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arXiv:1006.1718v2 [hep-ph] 12 Oct 2010 Dirac, Majorana and Weyl fermions Palash B. Pal Saha Institute of Nuclear Physics 1/AF Bidhan-Nagar, Calcutta 700064, India Abstract This is a pedagogical article which discusses various kinds of fermion fields: Dirac, Majorana and Weyl. The definitions and motivations for introducing each kind of fields is discussed, along with the connections between them. It is pointed out that these definitions have to do with the proper Lorentz group, and not with respect to any discrete symmetry. The action of discrete symmetries like charge conjugation and CP on various types of fermion fields, particularly important for Majorana fermions, has also been clarified. 1 Introduction When Dirac first wrote down his relativistic equation for a fermion field, he had primarily electrons in mind. It doesn’t require much mind-reading to deduce this conclusion, because his first article [1] on this issue was entitled “The Quantum Theory of the Electron”. Electrons have mass and charge. In his solutions, Dirac found the antiparticle, which has the same mass as the electron but is different from the electron because it has opposite charge. Dirac’s paper was published in 1928. The very next year, Weyl [2] showed that for massless fermions, a simpler equation would suffice, involving two-component fields as opposed to the four-component field that Dirac had obtained. And then, in 1930, Pauli [3] proposed the neutrinos to explain the continuous energy spectrum of electrons coming out in beta decay. The neutrinos had to be uncharged because of conservation of electric charge, and they seemed to have van- ishing mass from the analysis of beta decay data. It was therefore conjectured that the neutrinos are massless. Naturally, it was assumed that the neutrinos are therefore Weyl fermions, i.e., their properties are described by Weyl’s theory. There was also the possibility that neutrinos are the antiparticles of themselves, since they are uncharged. Description of such fermion fields was pioneered by Ma- jorana [4] in 1937. The question was not taken seriously because, at that time, everybody was convinced that neutrinos are Weyl fermions. The question became important much later, beginning in the 1960s, when people started examining the consequences of small but non-zero neutrino masses, and pos- sibilities of detecting them. If neutrinos have mass, they cannot be Weyl fermions. 1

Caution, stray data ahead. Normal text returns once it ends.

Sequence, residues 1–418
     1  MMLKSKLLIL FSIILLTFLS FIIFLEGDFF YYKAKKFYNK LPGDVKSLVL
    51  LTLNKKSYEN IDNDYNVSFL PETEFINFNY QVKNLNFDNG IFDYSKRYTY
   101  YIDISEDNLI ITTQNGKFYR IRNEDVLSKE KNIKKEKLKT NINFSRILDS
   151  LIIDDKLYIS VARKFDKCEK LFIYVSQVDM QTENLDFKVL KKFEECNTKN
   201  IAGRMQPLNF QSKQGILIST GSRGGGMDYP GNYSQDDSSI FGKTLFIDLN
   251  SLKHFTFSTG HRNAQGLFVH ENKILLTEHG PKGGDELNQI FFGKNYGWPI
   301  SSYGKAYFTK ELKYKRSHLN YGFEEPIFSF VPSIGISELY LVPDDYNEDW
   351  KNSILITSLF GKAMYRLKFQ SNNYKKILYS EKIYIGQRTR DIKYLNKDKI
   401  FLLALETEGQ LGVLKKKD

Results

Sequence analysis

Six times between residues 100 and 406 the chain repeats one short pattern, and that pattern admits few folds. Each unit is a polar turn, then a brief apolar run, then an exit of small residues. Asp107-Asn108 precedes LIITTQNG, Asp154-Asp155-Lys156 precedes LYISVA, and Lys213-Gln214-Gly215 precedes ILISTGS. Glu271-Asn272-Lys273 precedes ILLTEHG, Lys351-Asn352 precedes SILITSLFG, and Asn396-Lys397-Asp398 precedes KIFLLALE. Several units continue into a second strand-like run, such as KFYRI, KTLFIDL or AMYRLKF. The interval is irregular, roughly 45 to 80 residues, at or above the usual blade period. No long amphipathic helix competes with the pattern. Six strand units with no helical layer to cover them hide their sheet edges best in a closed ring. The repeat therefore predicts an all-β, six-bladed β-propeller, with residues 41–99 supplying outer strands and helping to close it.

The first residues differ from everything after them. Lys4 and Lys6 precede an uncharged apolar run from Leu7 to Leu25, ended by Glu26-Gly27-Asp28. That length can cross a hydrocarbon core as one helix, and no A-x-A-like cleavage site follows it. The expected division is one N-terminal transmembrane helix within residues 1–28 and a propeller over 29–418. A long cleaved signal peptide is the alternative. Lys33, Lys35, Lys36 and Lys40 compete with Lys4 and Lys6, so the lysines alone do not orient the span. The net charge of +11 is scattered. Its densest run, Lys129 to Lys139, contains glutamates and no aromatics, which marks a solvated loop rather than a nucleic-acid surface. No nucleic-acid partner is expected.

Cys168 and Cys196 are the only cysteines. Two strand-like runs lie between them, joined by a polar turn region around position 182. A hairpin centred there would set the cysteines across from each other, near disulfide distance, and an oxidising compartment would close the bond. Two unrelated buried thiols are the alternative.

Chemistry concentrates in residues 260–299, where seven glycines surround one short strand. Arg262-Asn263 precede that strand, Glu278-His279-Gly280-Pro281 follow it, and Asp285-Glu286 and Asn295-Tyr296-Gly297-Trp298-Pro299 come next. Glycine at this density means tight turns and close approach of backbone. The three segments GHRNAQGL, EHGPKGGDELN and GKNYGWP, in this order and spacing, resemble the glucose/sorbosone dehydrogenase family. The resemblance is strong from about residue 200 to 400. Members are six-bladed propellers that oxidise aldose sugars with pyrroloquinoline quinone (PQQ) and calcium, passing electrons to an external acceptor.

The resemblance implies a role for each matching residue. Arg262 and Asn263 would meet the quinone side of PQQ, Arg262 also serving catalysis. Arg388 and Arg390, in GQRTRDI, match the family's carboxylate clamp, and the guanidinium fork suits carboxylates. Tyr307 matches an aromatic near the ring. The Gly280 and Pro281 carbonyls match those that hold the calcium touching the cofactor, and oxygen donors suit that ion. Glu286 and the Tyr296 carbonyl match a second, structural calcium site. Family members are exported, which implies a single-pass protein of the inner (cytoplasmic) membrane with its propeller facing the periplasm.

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  • arX